EU policy in recent years has been to promote the use of biocarburantes with the aim of reducing greenhouse gas emissions and the impact of transport on the environment, as well as looking for alternative supply solutions should fossil fuels one day become exhausted. One of the biocarburante substitutions for fossil fuels which till now has been developed more than any other on a world-wide scale is bioethanol. This alcohol can be used as alternative fuel and is already being added to EU petrol in the form of ETBE and also directly, whenever its content doesn´t exceed 5%. The Renewable Energy plan already approved in Spain and EU contemplate an increase in bioethanol production and its gradual incorporation in petrol during the period 2000-2010. An increase in the use of biocarburantes in the transport sector offers considerable environmental benefits, because it will not only contribute to reducing emissions of polluting gases and their hothouse effect in the atmosphere, but will also provide a source of renewable clean energy.
Starch from cereal seeds, along with sucrose from sugar cane or beet, offer the most accessible source of fermentable sugars for the obtention of bioethanol . The process of bioethanol production generally consists of different enzymatic stages, in which different enzymes, cellulases, glucanases, amylases are involved hydrolysing the sugars in cereal seed materials so that at a later stage, yeasts (generally Saccharomyces cerevisiae) can transform them into ethanol. The optimization of the process is essential to increase process yield and reduce unnecessary costs. On the other hand, there are carbohydrates in vegetables residues, with low costs, which can be considered as an alternative fot bioethanol production.
The main objective of the projects in course in the CIB is to produce the maximum quantity of bioethanol from the process by taking fuller advantage of the sugars in the raw materials: grains and cereal residuals. To carry out this study we propose: i) A study of the different commercial enzymatic complexes that are employed in bioethanol production, ii) Optimizing the dose of enzymes used industrially in bioethanol production, iii) Characterize the raw materials and their agricultural by-products, iv) Study fungal pretreatment of lignocellulose residues as an alternative to physico-chemical methods used at currently to pre-treated the lignocellulosic materials before enzymatic hydrolysis, v) Study the effect of funfal oxidoreductases (lacases and/or peroxidases) in lignin biodegradation, before the carbohydrate hydrolysis (pretreatment), to increase final yield of fermentable sugars and vi) Look for new fungal strains secreting high levels of cellulases and/or xylanases to reduce costs and increase bioethanol process yield.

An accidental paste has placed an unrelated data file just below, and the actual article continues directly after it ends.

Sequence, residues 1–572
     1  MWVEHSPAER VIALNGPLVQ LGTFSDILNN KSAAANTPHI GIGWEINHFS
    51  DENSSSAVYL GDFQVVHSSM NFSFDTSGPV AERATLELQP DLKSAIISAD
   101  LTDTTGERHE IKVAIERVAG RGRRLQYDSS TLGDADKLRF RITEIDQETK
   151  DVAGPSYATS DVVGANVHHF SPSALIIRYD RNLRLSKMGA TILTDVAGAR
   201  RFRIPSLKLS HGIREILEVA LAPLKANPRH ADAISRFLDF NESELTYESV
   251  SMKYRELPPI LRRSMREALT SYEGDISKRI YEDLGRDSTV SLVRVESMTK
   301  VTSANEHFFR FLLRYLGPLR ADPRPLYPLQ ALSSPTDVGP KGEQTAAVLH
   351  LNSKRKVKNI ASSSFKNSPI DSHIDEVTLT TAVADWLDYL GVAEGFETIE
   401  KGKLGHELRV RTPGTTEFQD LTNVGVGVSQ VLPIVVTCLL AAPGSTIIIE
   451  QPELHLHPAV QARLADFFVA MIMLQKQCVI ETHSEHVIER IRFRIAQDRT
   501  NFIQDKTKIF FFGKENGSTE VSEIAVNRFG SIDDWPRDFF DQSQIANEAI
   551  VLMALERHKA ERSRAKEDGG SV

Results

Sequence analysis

The projects are been carried out in collaboration with “Abengoa Nuevas Tecnologías” (previously named Greencell), a company belonging to the Abengoa Bioenergy group (one of the biggest companies involved in bioethanol production as much in USA as in the EU).